Gone with the waves: the ups and downs of oceans and corals
News on global warming and sea-level rise flood our daily life. Even a modest decimeter increase of the current sea level will affect millions of people 1. Despite this gloomy scenario, we lack precise models to predict sea level changes during glacial and interglacial periods, such as the one in which we now live. As it is usual in Earth sciences, we then must learn from reading the past.
Researchers have developed ways of estimating past sea levels and applied them around the world during the last decades. These studies, however, offer sometimes contradictory reconstructions. To help untangling this puzzle Medina-Elizalde has now compiled and standardized thirty studies based on coral reefs spread along the Pacific, Atlantic, and Caribbean shorelines to build the first sea level curve based on these formations for the last 300,000 years 2.
Why using coral reefs to gauge sea levels? These structures represent a fruitful collaboration between animals -corals-, and bacteria and plants -algae- living together and benefiting from each other. Their location is not random: corals die above sea level because they cannot breathe the oxygen in the atmosphere, but algae cannot survive under a few meters of water because they need lots of sunlight. Besides each coral species inhabits at a narrow (few meters) depth range, so even moderate sea level shifts may kill a particular species. If you add that coral reefs have been populating the oceans for more than 500 million years, all these features explain why corals constitute very accurate and convenient water depth markers.
But sea levels change often due to various causes. Sometimes these causes come from the deep interior of the planet that drives the plate tectonics waltz. For example, sea level lowers when continents join, such as during the last supercontinent Pangea 300 million years ago. A similar but more local effect happens when two continents collide, emerging shallow continental platforms that lay underwater before the crash. On the contrary, when spreading ridges at the oceans’ bottom extrude larger-than-average lava volumes sea level rises globally, while it drops if the erupted volumes diminish. Huge earthquakes can also generate local uplift or subsidence around its focus, depending on whether the rupture pushes up or down a coastal area. This happened in the Sumatra 2004 megaquake, which uplifted the island shoreline, killing corals exposed to our oxidative atmosphere.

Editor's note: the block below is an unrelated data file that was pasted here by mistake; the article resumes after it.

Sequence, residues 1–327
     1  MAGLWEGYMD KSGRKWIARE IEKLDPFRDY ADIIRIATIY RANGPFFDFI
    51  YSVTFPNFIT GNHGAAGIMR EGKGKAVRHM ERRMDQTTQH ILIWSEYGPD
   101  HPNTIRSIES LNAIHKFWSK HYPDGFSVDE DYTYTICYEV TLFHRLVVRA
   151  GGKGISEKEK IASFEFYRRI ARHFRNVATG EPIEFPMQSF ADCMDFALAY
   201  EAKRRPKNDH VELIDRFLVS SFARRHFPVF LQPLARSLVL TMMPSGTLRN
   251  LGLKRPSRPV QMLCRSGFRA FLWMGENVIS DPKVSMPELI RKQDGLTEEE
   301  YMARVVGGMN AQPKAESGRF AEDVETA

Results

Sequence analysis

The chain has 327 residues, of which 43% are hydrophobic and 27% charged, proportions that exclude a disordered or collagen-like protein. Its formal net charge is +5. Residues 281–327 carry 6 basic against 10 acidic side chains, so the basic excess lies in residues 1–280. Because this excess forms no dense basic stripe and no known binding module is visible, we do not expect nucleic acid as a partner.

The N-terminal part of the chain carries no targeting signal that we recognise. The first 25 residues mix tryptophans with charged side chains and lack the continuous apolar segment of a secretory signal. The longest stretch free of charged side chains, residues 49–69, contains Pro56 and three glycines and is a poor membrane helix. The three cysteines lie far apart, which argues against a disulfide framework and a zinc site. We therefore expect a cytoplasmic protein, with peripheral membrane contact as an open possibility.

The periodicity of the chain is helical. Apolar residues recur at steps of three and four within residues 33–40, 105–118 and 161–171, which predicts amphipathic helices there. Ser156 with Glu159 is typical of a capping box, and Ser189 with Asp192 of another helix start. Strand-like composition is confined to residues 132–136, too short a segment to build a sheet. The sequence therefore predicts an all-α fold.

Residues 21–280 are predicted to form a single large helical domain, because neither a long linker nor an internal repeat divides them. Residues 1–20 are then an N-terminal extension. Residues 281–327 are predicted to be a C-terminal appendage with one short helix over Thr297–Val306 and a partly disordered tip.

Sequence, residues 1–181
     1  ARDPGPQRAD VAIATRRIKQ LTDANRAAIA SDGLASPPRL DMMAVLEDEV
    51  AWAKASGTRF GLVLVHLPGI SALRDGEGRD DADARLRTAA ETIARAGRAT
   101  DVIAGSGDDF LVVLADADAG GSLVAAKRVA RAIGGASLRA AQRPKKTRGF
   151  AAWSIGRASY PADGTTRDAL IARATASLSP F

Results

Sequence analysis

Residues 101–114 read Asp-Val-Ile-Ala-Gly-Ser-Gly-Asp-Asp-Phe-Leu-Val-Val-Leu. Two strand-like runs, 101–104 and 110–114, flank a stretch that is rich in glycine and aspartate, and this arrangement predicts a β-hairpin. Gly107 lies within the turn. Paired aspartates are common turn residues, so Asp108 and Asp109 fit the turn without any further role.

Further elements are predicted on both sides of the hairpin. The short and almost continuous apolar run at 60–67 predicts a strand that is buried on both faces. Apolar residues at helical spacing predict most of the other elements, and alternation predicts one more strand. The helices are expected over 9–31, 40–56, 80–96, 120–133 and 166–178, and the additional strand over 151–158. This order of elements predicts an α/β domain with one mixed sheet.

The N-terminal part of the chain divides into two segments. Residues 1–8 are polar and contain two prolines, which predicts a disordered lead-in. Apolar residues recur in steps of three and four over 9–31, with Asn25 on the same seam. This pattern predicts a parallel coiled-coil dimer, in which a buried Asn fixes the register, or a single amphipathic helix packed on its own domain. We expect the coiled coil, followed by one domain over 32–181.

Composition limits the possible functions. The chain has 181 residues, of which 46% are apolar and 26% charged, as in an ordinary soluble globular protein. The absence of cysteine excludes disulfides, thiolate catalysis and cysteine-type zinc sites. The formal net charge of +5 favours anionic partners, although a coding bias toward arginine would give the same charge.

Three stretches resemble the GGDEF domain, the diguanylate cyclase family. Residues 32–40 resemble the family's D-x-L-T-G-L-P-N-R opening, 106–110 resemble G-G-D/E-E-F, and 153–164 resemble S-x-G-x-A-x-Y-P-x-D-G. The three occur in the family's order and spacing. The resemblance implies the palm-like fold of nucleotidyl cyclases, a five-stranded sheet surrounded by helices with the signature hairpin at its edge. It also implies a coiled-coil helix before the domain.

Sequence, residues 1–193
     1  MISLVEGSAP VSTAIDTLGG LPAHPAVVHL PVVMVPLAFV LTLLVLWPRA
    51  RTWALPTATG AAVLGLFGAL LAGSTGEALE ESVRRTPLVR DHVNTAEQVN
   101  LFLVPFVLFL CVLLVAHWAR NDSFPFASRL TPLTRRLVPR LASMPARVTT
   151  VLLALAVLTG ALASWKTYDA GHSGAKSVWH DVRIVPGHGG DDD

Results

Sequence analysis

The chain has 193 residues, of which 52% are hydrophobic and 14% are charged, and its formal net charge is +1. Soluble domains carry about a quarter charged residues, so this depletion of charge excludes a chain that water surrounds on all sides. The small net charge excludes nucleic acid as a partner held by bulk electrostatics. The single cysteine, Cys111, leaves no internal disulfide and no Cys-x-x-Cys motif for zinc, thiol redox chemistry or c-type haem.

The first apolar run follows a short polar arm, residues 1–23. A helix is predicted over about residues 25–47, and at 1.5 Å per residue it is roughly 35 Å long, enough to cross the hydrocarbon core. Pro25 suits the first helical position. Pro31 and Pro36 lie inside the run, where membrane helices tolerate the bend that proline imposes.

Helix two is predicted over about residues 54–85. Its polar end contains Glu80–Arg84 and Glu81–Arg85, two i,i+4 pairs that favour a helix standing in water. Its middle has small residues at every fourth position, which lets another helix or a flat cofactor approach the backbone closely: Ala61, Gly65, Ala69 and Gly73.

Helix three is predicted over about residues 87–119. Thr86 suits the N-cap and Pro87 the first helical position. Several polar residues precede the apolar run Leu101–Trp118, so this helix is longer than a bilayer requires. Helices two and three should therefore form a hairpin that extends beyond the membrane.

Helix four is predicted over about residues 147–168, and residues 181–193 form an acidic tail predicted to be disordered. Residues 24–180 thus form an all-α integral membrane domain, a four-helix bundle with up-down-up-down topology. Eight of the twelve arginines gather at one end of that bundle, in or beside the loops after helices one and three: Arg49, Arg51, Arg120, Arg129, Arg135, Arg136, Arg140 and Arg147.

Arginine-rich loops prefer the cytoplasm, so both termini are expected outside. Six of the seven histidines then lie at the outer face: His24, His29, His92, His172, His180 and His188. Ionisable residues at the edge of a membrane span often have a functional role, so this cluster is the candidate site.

Other times the cause lies on the Earth’s surface. During glaciations thick (as much as 4 km) ice caps sequester a large portion of Earth’s water, extending from the poles down to latitudes close to the Mediterranean area. Consequently global sea level plummets, reaching heights more than a hundred meters below the current one. But when a warmer interglacial period comes water flows back from the ice caps to the oceans, rising sea levels elsewhere. And more interestingly, wherever an ice cap existed the continents below suffered an enormous ice load that pushed them down. When ice caps melt continents react to the load removal by rebounding upwards, which locally counteracts somehow global sea level rise.